#BlackHoleDay has been trending all over the internet since last week as Event Horizon Telescope (EHT) project is expected to unveil a photograph of a black hole to the public in the next few hours.
Science happens every day, but this is one of the huge ones. Let us take some time this Wednesday to think about the vast mighty of this universe and what people are capable of achieving with a hand from science. Interested in astrophysics or not, everyone surfing away through the internet or into science fiction movies might have come across the term black hole.
Black holes always have been a subject of fascination. It is said that fact is sometimes unusual than fiction, and nowhere is that truer than in the matter of black holes. Black holes are peculiar than anything imagined up by science fiction writers, but they are firmly matters of scientific fact.
Since 2006, radio telelectroscopes around the globe have strived united to understand these dark, cumbersome, and powerful entities at the hearts of two different galaxies. The EHD project’s ultimate goal is to take pictures of the event horizon of the black hole, which can be stated as the point-of-no-return of a black hole and it turned out to be successful.
Black holes present an essential tool for investigating and experimenting with the basic laws of the universe. Before diving any deeper into the subject let’s try and understand what black holes really are,
What are Black holes?
It is understood and proven law that all objects exert an attractive gravitational force which depends on their mass. Now, visualize an object with a very large mass which is compressed into such a small volume that the gravitational field created is robust enough to deter anything from escaping its grips – even light. This eccentric concept intrigues everyone, in particular, astrophysicists who hypothesize about the nature of matter, space and time, and scientists who look for real black holes out in space.
The rubber sheet example
It is one of the best ways to understand black holes.
Imagine space-time as a rubber sheet: any object placed on the rubber sheet will produce a “dent” in the sheet that depends on the object’s mass, and will cause any nearby smaller object to fall towards it. Now imagine an object so compacted and of very high mass that it pushes the space-time rubber sheet itself down to a point resulting in a curvature so deep and strong towards which any nearby object including light gets pulled in. This area of impact or pull is the event horizon – the point of no return where gravity is so strong that neither light nor matter can escape is a called black hole.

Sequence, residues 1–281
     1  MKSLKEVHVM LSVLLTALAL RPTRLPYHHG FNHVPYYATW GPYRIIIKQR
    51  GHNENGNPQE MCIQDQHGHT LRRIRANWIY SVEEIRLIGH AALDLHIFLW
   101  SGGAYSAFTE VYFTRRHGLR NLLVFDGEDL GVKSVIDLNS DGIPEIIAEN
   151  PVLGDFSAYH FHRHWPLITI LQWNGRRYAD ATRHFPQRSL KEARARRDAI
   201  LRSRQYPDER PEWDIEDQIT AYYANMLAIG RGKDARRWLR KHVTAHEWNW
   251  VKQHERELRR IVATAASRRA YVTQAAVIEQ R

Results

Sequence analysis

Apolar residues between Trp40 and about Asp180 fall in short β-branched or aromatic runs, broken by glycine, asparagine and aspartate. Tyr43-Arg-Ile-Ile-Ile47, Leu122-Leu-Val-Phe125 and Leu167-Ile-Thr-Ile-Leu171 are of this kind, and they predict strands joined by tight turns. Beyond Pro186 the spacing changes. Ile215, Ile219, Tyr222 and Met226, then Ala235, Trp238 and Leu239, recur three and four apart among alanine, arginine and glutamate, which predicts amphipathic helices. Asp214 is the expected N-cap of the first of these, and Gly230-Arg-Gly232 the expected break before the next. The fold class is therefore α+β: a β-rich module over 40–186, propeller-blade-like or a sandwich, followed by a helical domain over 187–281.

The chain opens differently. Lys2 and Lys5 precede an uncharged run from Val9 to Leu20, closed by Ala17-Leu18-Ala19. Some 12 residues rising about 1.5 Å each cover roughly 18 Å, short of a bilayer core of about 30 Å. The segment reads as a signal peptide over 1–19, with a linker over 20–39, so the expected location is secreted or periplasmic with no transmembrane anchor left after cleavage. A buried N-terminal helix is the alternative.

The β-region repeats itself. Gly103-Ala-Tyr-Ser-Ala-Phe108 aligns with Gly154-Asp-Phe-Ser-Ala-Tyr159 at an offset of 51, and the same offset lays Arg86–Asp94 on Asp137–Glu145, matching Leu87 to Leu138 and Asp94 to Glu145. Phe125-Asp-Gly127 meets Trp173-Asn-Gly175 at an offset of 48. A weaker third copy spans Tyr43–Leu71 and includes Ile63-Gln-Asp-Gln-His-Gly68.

What would happen if you fall inside a black hole?
You might have been wondering what will happen if you fall inside a black hole. It is fascinating to think about falling infinitely into a black nothing, but I am sorry if you don’t feel happy at the end of this passage.
If you were to fall towards a relatively small black hole, you would feel the effects of gravitational forces and your body would be stretched out until you were ripped apart – the process is called spaghettification.
If you fall into a super massive black hole, your body outlasts whole, soon thereafter you reach the center, and you are mashed into a single point of immense density. You have become a part of the black hole. Unfortunately, either way, you won’t be able to tell your friends about the experience
What’s the future?
Now black holes are beyond the abilities of today’s technology, it may be possible to utilize the attributes of black holes in future space missions. UK research groups are representing a notable role in implementing black-hole ideas into basic physics. The aim of certain experiments is to conceive and analyze conditions in the cosmos following the Big Bang.
Black-hole solutions present a potent conduit in searching for a singular theory of the universe and how it came into existence. It is still difficult to test whether the ideas are right.
On the other hand, Analog black holes inaugurate a new field of “horizon physics”, which may point to new technologies such as the formation of entangled pairs of photons as needed for quantum computing; it might also be plausible to devise a black hole laser. Some scientists have even hypothesized that black holes could act as remarkably powerful quantum computers like in sci-fi movies.
What to expect?
The Event horizon Telescope project has been termed ‘groundbreaking’ because black holes are entirely dark and it’s almost impossible to take a picture of an entity that absorbs literally everything thrown at it, including light. The Event Horizon Telescope took more than a decade to attain this point because of the complex nature of the project and also the cost involved.
Keeping all this in mind, if you expect to view a crystal-clear image of a black hole’s umbra and a growth disk you may be disappointed with EHT’s first images. The images are expected to stream live on YouTube. I’m expecting an alien in it, stay tuned and Happy #BlackHoleDay.